FCX defers recognizing profits on sales from its mining operations to Atlantic Copper and on 25 percent of Indonesia mining sales to PT Smelting until final sales to third parties occur. Quarterly variations in ore grades, the timing of intercompany shipments and changes in product prices result in variability in FCX's net deferred profits and quarterly earnings.
Allocations. FCX allocates certain operating costs, expenses and capital expenditures to its operating divisions and individual segments. However, not all costs and expenses applicable to a mine or operation are allocated. U.S. federal and state income taxes are recorded and managed at the corporate level, whereas foreign income taxes are recorded and managed at the applicable country. In addition, most exploration and research activities are managed at the corporate level, and those costs along with some selling, general and administrative costs are not allocated to the operating divisions or segments. Accordingly, the following segment information reflects management determinations that may not be indicative of what the actual financial performance of each operating division or segment would be if it was an independent entity.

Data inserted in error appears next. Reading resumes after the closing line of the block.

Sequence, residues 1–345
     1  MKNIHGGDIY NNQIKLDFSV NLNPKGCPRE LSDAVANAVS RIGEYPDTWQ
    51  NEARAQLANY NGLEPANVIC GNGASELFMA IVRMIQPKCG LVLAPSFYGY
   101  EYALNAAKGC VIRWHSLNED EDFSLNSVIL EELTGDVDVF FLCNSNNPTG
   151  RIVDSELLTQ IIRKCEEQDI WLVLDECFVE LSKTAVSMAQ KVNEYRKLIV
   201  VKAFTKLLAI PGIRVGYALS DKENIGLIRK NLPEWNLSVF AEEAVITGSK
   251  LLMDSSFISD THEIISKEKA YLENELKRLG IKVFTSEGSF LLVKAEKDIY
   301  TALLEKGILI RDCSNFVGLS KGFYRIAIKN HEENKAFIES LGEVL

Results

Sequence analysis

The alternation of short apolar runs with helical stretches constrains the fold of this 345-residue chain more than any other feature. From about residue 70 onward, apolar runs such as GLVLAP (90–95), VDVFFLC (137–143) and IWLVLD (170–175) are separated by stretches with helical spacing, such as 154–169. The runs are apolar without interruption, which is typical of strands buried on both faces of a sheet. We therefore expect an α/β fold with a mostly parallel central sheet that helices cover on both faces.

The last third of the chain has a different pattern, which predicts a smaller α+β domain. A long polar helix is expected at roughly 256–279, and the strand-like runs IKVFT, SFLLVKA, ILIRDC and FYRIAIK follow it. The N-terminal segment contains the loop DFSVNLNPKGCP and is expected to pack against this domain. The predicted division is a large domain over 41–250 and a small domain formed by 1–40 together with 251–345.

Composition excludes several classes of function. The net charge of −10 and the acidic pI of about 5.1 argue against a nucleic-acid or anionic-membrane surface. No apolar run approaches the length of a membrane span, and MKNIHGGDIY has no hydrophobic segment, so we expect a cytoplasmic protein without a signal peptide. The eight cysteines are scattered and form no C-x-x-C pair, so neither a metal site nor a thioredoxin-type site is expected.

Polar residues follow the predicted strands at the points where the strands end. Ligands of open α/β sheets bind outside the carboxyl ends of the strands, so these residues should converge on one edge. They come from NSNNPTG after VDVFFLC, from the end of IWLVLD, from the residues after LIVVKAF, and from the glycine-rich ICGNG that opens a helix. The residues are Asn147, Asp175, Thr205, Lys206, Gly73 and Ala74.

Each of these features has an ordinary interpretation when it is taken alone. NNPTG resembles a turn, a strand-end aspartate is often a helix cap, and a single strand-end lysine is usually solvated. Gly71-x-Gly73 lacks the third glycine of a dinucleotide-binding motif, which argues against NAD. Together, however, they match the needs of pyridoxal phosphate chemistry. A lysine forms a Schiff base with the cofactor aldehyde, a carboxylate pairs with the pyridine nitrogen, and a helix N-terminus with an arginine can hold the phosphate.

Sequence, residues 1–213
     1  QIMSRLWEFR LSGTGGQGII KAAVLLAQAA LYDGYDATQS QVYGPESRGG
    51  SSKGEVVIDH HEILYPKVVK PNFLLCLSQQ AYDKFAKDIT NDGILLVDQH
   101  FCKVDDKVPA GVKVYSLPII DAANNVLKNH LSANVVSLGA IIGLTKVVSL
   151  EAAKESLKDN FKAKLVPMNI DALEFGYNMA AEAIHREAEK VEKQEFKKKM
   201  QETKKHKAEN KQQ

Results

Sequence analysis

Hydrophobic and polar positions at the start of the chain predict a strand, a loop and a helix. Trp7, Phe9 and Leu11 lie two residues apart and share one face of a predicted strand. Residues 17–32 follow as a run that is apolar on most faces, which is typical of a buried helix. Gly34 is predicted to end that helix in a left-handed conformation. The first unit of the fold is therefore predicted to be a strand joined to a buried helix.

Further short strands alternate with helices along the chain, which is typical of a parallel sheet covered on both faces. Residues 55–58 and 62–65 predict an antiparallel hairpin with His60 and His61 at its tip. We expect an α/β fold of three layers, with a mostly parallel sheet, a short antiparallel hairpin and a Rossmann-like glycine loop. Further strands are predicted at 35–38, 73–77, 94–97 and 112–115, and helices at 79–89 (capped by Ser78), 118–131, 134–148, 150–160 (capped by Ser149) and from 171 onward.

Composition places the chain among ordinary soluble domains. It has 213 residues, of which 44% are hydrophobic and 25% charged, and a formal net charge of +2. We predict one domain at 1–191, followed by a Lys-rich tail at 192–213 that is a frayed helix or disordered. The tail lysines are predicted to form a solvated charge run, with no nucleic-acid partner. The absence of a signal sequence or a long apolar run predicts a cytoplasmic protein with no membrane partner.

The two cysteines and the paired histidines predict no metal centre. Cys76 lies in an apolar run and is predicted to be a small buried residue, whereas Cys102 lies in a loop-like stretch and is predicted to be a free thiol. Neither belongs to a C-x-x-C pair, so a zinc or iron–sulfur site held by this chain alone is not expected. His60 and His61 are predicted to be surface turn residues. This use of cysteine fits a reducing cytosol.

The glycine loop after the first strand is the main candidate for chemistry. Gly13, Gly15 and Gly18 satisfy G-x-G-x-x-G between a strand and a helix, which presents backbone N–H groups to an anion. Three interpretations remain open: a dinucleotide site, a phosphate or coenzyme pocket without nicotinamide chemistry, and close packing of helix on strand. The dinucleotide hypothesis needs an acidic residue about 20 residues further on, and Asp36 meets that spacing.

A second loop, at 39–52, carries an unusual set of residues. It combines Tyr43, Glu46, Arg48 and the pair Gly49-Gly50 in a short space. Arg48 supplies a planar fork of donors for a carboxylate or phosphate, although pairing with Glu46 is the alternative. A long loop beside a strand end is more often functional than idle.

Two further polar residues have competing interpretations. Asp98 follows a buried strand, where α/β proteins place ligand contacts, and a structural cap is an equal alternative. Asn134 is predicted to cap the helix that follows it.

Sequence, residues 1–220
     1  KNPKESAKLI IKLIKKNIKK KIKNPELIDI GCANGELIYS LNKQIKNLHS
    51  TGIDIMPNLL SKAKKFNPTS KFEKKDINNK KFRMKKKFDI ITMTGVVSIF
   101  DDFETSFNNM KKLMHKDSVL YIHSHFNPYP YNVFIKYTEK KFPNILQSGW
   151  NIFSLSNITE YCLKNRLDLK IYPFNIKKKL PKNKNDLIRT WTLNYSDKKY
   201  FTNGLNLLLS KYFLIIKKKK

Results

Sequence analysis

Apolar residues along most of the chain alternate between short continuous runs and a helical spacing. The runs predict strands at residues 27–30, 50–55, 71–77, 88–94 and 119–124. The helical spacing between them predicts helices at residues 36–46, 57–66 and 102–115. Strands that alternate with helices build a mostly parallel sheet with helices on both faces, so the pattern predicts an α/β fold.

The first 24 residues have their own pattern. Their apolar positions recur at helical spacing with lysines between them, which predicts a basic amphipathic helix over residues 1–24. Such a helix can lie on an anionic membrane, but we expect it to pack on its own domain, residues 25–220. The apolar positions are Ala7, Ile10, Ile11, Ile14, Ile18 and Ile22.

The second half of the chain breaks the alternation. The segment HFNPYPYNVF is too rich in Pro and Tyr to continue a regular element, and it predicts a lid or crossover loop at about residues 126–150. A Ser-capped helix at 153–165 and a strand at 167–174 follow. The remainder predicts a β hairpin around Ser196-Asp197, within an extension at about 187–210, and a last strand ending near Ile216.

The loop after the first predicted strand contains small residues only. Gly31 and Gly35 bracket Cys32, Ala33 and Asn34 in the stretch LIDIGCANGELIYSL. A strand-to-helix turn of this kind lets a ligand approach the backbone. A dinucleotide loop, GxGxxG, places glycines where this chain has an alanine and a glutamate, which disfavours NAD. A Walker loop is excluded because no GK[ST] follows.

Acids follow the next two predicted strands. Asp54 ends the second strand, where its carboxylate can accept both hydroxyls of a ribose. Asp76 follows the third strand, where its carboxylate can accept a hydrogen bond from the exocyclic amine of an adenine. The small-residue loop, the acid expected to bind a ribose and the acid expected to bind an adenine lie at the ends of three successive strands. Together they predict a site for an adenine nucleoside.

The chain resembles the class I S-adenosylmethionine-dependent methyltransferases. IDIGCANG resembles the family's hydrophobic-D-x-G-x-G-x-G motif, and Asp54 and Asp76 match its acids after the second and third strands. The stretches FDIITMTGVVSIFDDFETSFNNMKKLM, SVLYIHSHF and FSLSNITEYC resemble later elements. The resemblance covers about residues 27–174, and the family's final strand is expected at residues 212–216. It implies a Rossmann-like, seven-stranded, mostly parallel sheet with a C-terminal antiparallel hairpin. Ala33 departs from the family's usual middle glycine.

19

Table of Contents                 


Business Segments
(In millions)
North America Copper Mines
 
South America
 
Indonesia
 
Africa
 
 
 
 
 
 
 
 
 
 
 
 
 
 
 
 
 
 
 
 
 
 
 
 
 
 
 
 
 
 
 
Atlantic
 
Corporate,
 
 
 
 
 
 
 
 
 
 
 
 
 
 
 
 
 
 
 
Molyb-
 
 
 
Copper
 
Other &
 
 
 
 
 
Other
 
 
 
Cerro
 
Other
 
 
 
 
 
 
 
denum
 
Rod &
 
Smelting
 
Elimi-
 
FCX
 
Morenci
 
Mines
 
Total
 
Verde
 
Mines
 
Total
 
Grasberg
 
Tenke
 
MInes
 
Refining
 
& Refining
 
nations
 
Total
Three Months Ended March 31, 2013
 
 
 
 
 
 
 
 
 
 
 
 
 
 
 
 
 
 
 
 
 
 
 
 
 
Revenues:
 
 
 
 
 
 
 
 
 
 
 
 
 
 
 
 
 
 
 
 
 
 
 
 
 
Unaffiliated customers
$
80

 
$
49

 
$
129

 
$
290

 
$
560

 
$
850

 
$
864

a 
$
438

 
$

 
$
1,330

 
$
633

 
$
339

b 
$
4,583

Intersegment
436

 
824

 
1,260

 
109

 
55

 
164

 
67

 

 
143

 
7

 
6

 
(1,647
)
 

Production and delivery
297

 
514

 
811

 
171

 
304

 
475

 
563

 
185

 
80

 
1,328

 
628

 
(1,351
)
 
2,719

Depreciation, depletion and amortization
33

 
69

 
102

 
33

 
38

 
71

 
55

 
58

 
20

 
3

 
10

 
10

 
329

Selling, general and administrative expenses

 
1

 
1

 

 
1

 
1

 
26

 
3

 

 

 
5

 
77

 
113

Exploration and research expenses

 

 

 

 

 

 

 

 

 

 

 
52

 
52

Environmental obligations and shutdown costs

 
(4
)
 
(4
)
 

 

 

 

 

 

 

 

 
19

 
15

Operating income (loss)